Tag Archives: sour

Pucker Up: 12 Sour Beers that’ll Have You Hooked in No Time

Russian River Supplication Sour Ale

Sour beers aren’t for everyone. They’re definitely an acquired taste, and not everyone will acquire the taste for tart ales. Those who are daring enough to push their beer boundaries a bit, however, will very likely be rewarded. (Check out this post for details on the difference between “sour beer” and “wild beer.”)

I started drinking sour beers about a year ago, and I’m absolutely hooked today. It took a bartender at the Sunset Grill and Tap in Allston, Mass., to convince me to give sours a try beyond that first challenging sip. Now the first thing I do when I visit a beer bar is scan the draft/bottle list for sours.

It pays to start off slowly when wading into the waters of sour ales, though. The following list spotlights a dozen of my favorite sour beers, starting with some less-challenging sours and finishing up with some seriously sour brews. Most of these beers, with a few exceptions, can be found in quality craft beer shops throughout the United States. (Note: The Russian River beers at the bottom of the list are very hard to find outside of California, but they’re so damn good, I had to include them.)

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The Bruery Oude Tart (2012) Review

The Bruery Oude Tart

Orange County, Calif.-based The Bruery‘s Oude Tart won the 2010 World Beer Cup gold medal for best Belgian-style Flanders oud brun or oud red; it won the 2011 GABF gold medal for best Belgian-style Flanders; and it also took the 2012 World Beer Cup gold medal in the same category.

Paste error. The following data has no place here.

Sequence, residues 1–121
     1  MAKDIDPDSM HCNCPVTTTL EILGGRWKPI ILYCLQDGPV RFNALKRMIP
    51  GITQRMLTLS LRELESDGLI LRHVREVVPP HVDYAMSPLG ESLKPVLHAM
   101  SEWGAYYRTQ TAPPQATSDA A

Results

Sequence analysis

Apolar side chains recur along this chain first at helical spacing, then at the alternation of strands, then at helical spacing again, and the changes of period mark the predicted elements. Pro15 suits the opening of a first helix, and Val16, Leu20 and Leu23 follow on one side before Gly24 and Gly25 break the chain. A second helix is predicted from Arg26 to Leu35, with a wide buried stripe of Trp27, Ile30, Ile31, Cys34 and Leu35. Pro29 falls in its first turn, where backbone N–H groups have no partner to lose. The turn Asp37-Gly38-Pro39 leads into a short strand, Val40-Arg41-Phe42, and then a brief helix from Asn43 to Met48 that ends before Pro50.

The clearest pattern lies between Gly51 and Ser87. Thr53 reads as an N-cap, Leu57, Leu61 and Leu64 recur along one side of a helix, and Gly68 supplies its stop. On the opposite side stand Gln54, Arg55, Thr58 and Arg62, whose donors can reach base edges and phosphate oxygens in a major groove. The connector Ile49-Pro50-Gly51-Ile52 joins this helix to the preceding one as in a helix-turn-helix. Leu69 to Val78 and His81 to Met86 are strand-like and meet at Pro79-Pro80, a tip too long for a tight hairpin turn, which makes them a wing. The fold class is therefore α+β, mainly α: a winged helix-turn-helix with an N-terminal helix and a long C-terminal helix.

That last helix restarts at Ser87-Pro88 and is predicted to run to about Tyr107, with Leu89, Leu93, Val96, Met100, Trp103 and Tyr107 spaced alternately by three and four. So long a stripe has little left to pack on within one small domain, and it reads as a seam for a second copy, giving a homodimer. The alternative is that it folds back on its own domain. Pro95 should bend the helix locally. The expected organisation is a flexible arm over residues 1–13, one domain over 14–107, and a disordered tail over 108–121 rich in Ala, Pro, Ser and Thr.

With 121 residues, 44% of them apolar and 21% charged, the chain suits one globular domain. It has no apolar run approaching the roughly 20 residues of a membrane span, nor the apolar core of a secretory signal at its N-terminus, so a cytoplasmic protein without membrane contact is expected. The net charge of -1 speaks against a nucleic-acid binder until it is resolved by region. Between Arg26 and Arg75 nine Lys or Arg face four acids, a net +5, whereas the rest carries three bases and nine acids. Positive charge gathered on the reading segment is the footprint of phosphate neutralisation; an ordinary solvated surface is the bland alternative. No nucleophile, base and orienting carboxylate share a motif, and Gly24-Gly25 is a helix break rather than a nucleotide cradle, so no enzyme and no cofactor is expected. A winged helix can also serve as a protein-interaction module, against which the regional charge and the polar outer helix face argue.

There’s a reason this brew won all these medals. Oude Tart is a damn fine Flemish-style ale.

I poured my 1-pint, 9.4-FL. OZ. bottle into a large tulip glass very slowly and it quickly formed a thin cream-colored head, which dissipated just as quickly. It has a beautiful tangy and slightly vinegary aroma. The brew is aged in red-wine barrels for 18 months, according to the Bruery’s website, and the result is a fruity, toasted-oak sour flavor. The Bruery’s Oude Tart tastes a lot like Rodenbach’s Grand Cru, which is one of my all-time favorite Flemish ales, but it’s even more tart. And it also has a stronger vinegar taste, similar to Brouwerij Verhaeghe’s Duchesse de Bourgogne but not quite as vinegary.

Oude Tart is probably the best American-made Flemish-style ale I’ve ever had.

The Bruery says Oude Tart will age well for as long as five years. It has an ABV of 7.5%; 15 IBU; it’s a seasonal from the Bruery’s Special Collection; and it’s released in the late summer. My bottle cost me $23, but pricing will vary based on retailer. If you’re interested in picking up a bottle of your own, you better act fast; this one is sure to fly off of store shelves.